# Calculating Component Values in this Low-Frequency CE Amplifier Circuit

• MiguelHut
In summary, the input impedance of a common emitter (CE) amplifier can be calculated by disconnecting the output load and considering the parallel connection of the two resistors connected to C1. The equivalent impedance seen through the resistor connected to the emitter depends on the transistor's AC current gain (β) and the emitter resistor. By assuming a value for β (e.g. 100) and calculating the impedance seen through the resistor, the size of C1 can be determined. However, it is important to note that the DC working point should not be used to determine the AC current gain. A tutorial on how to calculate the input impedance of a CE amplifier is provided for further reference.
MiguelHut
Hi guys , i need help. How do i calculate C1? fu=25Hz

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• rt.GIF
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Determine the input impedance of that stage as seen at the junction of the 3 resistors.

berkeman
Is this ok?

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• bh.GIF
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MiguelHut said:
Is this ok?
Well, no. Let us start to the left. If you disconnect R6, C1 sees the parallel connection of R7 and R8 (13k). Now reconnect R6. The equivalent impedance seen through R6 depends on the transistor (the β of the transistor at the working point) and the emitter resistor. This is a somewhat cumbersome calculation, but to get a ballpark value, assume β=100. Then the impedance seen through R6 is approximately R6 + 100*R3. This impedance appears in parallel with the 13k calculated above.

So - estimating the AC impedance on the right side of C1 to be about 10k, you can calculate the size of C1.

Tom.G said:
There is no need to guess the transistor β. Both the Base current and Collector current are given.
Yes. But - we are not talking about the DC working point, but the AC current gain.

Is this right?

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• tgg.pdf
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MiguelHut said:
Is this right?
No.
1. 3mA/12μA = 3000μA/12μA = 250
2. 3mA and 12μA determines the DC working point, not the current gain

Svein said:
Yes. But - we are not talking about the DC working point, but the AC current gain.
Here is a pretty good tutorial on how to calculate the input impedance of a CE amplifier:

https://www.electronics-tutorials.ws/amplifier/input-impedance-of-an-amplifier.html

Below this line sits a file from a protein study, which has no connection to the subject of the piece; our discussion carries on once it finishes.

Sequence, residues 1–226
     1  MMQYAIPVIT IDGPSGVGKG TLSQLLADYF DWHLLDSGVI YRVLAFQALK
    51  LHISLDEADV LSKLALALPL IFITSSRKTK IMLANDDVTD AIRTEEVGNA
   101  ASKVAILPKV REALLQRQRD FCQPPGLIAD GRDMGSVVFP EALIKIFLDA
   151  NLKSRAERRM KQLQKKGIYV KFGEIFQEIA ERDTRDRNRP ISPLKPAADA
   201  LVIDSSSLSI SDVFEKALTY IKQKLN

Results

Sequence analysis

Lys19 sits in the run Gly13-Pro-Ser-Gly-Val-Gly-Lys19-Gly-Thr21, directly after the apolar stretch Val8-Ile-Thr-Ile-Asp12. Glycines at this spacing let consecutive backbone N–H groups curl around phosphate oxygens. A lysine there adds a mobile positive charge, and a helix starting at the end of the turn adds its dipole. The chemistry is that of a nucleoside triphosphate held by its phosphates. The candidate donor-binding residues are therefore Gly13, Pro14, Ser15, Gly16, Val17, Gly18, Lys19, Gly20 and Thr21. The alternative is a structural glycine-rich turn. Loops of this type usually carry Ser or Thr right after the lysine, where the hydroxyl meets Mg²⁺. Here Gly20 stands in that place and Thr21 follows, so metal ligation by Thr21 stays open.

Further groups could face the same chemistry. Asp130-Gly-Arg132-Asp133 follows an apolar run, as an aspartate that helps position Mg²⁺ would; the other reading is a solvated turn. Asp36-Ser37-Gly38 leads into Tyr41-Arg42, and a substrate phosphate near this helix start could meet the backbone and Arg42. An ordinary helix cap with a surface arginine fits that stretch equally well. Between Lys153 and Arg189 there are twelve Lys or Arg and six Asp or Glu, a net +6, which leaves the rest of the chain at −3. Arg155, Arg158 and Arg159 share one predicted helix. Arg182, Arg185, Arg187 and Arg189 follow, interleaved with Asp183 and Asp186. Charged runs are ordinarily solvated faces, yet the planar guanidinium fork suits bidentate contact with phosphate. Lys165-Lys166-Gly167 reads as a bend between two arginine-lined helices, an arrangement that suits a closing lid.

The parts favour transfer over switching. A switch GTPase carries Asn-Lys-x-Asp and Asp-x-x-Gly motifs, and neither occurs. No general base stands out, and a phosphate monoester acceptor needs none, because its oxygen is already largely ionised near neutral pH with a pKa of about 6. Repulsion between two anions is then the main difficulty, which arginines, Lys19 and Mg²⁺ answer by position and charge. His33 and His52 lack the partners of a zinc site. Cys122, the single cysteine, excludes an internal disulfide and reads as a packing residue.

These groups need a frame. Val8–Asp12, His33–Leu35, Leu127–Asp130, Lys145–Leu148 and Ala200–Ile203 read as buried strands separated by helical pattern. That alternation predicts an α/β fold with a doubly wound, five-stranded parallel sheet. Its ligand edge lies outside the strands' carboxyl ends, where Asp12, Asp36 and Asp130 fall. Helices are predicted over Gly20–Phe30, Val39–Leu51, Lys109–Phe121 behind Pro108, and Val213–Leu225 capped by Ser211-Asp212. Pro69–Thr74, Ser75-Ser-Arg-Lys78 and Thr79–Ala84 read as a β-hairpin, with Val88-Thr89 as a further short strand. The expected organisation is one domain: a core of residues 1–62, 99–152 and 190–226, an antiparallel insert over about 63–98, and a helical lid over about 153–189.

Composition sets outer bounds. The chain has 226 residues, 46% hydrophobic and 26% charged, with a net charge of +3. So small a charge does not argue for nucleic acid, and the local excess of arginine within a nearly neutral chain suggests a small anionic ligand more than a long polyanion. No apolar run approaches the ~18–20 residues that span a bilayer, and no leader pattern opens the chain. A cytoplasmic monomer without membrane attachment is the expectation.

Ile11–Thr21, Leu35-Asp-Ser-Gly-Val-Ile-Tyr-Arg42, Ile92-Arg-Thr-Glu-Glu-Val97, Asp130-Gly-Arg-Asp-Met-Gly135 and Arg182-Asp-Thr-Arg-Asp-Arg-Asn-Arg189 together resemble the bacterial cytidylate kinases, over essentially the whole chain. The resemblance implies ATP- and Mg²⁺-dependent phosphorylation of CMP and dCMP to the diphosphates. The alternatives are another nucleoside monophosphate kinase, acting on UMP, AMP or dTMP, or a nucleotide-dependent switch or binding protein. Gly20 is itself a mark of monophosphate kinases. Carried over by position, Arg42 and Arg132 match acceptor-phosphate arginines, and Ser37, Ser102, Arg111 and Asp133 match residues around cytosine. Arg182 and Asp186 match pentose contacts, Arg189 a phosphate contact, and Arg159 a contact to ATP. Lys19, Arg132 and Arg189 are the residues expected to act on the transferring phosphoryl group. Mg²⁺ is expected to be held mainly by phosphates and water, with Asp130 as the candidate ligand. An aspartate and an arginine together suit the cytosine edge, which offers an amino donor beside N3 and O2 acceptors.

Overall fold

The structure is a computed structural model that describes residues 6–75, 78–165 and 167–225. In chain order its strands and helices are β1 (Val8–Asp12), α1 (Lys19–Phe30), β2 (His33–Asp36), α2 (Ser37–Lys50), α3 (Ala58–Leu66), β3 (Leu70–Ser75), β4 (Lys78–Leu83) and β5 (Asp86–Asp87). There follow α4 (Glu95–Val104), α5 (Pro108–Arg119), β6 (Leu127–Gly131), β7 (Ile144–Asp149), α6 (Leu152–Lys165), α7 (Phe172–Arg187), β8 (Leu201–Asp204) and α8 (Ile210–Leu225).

Averagesupernova, Tom.G and dlgoff

## 1. How do I calculate the value of the resistors in this low-frequency CE amplifier circuit?

To calculate the value of the resistors in this circuit, you will need to use Ohm's Law (V=IR) and the circuit equations for voltage and current. You will also need to consider the desired gain and input/output impedance of the amplifier. There are several online calculators and software programs that can assist with these calculations.

## 2. What is the purpose of the capacitors in this circuit?

The capacitors in this circuit serve several purposes. They are used to block DC voltage, allowing only AC signals to pass through. They also help to stabilize the gain and frequency response of the amplifier. Additionally, they can be used for coupling and decoupling signals between different stages of the amplifier.

## 3. How do I choose the appropriate transistor for this circuit?

Choosing the appropriate transistor for this circuit will depend on the desired gain, input/output impedance, and frequency response. You will also need to consider the power rating and voltage requirements of the circuit. It is important to consult datasheets and do research on different transistor types to determine the best fit for your specific circuit.

## 4. Can I use different values for the components in this circuit?

Yes, you can use different values for the components in this circuit. However, changing the values of the resistors and capacitors will affect the gain, frequency response, and stability of the amplifier. It is important to carefully calculate and test any changes to ensure the desired performance of the circuit.

## 5. How do I test the performance of this amplifier circuit?

To test the performance of this amplifier circuit, you can use a signal generator and an oscilloscope. Connect the input signal to the amplifier and measure the output signal on the oscilloscope. You can also use a multimeter to measure the gain and input/output impedance of the amplifier. It is important to compare these measurements to the calculated values to ensure the circuit is functioning as expected.

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